Over the last couple of years, with the shift to remote work, one of the biggest positive changes people really like is that they no longer have a long commute.
Living in the Los Angeles area myself, I can relate that not sitting in traffic for 2-3 hours a day is a huge plus.
Interestingly enough though, studies show that the ideal commute is actually not zero minutes, but rather 10-15 minutes.
So why is 10-15 better than none at all? Well, it actually has to do with the transition time the brain needs to switch from home mode to work mode. The commute assists in readying the mind for work, creating a physical transition. In fact, behavioral psychologists were recommending a “faux commute” to help keep this transition, encouraging employees to get up, leave the home for a walk or short drive, and return to start their work day.
Now if transition time is important and necessary to transition the brain from home to work, could it be important in transitioning between other tasks as well?
Consider the average day for the remote worker. A team call to discuss active projects. A call with a customer to discuss a new project. A call with your boss to discuss how things are going. Another customer call to tackle a problem. A call with accounting to discuss budgets. A call with marketing to discuss the upcoming event.
Now consider that many of these calls will be back to back throughout the day, most often scheduled up to the hour.
How much transition time do employees get to go from left-brained number crunching to right-brain creative work? Or from an internal conversation to being “on air” with a customer?
The truth is, there is a need for time to transition between these states of thinking, and our schedules, overloaded by a fear of not looking busy enough or by management’s insecurity around productivity, do not allow for these transitions. This means we often take a bit to catch up to the meeting or zone out completely and have to play catch-up later.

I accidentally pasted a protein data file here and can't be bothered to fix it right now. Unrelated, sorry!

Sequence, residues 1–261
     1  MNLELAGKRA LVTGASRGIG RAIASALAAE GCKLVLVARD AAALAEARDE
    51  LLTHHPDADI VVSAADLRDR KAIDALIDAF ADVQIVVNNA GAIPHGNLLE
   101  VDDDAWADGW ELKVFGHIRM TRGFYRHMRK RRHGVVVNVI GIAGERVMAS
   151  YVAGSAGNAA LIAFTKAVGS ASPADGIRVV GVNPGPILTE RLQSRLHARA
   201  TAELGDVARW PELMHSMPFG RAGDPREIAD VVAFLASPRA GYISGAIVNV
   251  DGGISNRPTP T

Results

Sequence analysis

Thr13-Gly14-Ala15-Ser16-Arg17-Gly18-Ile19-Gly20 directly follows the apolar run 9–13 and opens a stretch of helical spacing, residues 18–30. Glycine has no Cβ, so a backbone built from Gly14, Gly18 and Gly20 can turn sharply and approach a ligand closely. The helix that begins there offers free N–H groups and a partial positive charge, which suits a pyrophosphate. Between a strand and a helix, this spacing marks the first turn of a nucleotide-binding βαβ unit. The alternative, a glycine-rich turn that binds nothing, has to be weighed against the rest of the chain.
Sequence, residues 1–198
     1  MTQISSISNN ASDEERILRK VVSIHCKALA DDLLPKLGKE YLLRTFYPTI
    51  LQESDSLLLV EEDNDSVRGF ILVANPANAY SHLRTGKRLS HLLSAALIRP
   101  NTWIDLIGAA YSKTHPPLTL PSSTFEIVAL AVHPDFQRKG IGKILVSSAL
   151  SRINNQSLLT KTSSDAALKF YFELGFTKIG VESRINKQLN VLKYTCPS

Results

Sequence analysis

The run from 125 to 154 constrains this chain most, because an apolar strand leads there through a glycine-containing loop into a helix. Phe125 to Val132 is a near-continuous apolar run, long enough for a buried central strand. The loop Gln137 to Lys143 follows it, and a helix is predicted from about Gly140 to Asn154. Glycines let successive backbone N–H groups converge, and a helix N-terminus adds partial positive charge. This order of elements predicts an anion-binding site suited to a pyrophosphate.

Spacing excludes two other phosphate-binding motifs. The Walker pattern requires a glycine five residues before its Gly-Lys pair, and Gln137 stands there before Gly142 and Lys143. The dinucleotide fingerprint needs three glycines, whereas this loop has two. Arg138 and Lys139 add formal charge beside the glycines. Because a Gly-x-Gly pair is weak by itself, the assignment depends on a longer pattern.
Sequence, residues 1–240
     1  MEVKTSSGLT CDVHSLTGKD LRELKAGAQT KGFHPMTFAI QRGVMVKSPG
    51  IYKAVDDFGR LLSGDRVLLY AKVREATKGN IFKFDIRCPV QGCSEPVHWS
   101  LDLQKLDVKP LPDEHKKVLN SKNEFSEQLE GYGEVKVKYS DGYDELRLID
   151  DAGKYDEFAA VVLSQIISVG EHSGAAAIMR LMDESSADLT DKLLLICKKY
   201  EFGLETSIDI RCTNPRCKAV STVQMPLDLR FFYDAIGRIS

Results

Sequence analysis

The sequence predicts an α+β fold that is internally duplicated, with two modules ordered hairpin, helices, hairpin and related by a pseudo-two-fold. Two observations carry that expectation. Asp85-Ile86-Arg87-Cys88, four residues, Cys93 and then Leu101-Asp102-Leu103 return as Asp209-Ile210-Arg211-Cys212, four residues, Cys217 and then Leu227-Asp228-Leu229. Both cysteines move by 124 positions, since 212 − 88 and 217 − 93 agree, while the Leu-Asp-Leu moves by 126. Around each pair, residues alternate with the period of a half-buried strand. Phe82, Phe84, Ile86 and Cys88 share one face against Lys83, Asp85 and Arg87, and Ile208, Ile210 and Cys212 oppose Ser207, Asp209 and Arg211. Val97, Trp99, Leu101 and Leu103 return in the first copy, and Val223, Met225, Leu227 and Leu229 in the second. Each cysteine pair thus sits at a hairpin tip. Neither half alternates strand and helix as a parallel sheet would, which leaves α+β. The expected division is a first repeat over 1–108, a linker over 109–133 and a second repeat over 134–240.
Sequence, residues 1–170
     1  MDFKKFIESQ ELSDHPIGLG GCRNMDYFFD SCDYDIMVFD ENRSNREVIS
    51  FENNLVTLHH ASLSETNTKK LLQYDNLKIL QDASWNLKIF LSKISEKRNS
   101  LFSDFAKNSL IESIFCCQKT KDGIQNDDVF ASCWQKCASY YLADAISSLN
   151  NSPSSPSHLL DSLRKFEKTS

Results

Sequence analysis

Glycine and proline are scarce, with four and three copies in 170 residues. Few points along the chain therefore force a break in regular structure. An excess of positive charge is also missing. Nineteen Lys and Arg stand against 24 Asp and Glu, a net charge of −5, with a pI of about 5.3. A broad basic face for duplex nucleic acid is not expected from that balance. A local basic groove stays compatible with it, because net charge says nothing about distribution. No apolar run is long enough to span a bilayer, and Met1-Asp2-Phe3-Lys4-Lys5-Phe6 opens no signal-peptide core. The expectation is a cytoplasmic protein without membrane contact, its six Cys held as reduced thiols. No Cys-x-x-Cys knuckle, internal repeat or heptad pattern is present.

No wonder we have meeting fatigue.
Combine this with the fact that environment and body position can trigger and enable different modes of thinking, yet we do most of our work at home from the same seated position or in the same room. Now you really have some issues.
In the physical office, there was typically some break state, or a change of venue (desk to conference room to customer’s office) and there was most certainly more time between meetings. So how do we enable better gear shifting in a hybrid world?
- Faux Commute. I mentioned this above. Get ready for work and then take a walk, go get coffee, or ride your bike before returning to your home work environment to create a transition from home to work.
- The 5-Minute Rule. Don’t schedule meetings at or to the top of the hour. Start the meetings 5 minutes after and end 5 minutes before. This means 20 and 50-minute meetings with a minimum of ten minutes in between.
- Meetings by Type. Accounting meetings are analytical. Brainstorming meetings are creative. Customer meetings take a clear mind. Try not to schedule meetings where different brain states are required too close together. Give an hour between to switch gears.
- Shorter Meetings. Share information ahead of time for people to read, learn, absorb when they’re in the best state of thinking to review it. Make the meeting about discussing the information and making a decision, not about sharing the information in real-time.
- Change of Venue. If you can, move around. Use different areas of your living space for different activities, letting the physical change trigger a change in the state of thinking.
In short, hybrid work has a lot of advantages due to convenience and lack of long commutes, but also suffers from static workspaces, back-to-back meetings, and lack of transition times.
Being aware of this may be the unlock to higher productivity and employee retention, as well as a key to understanding what the new office should look like to combat some of these potential drawbacks.
Good work is not about the amount of meetings, but about what happens in the space between.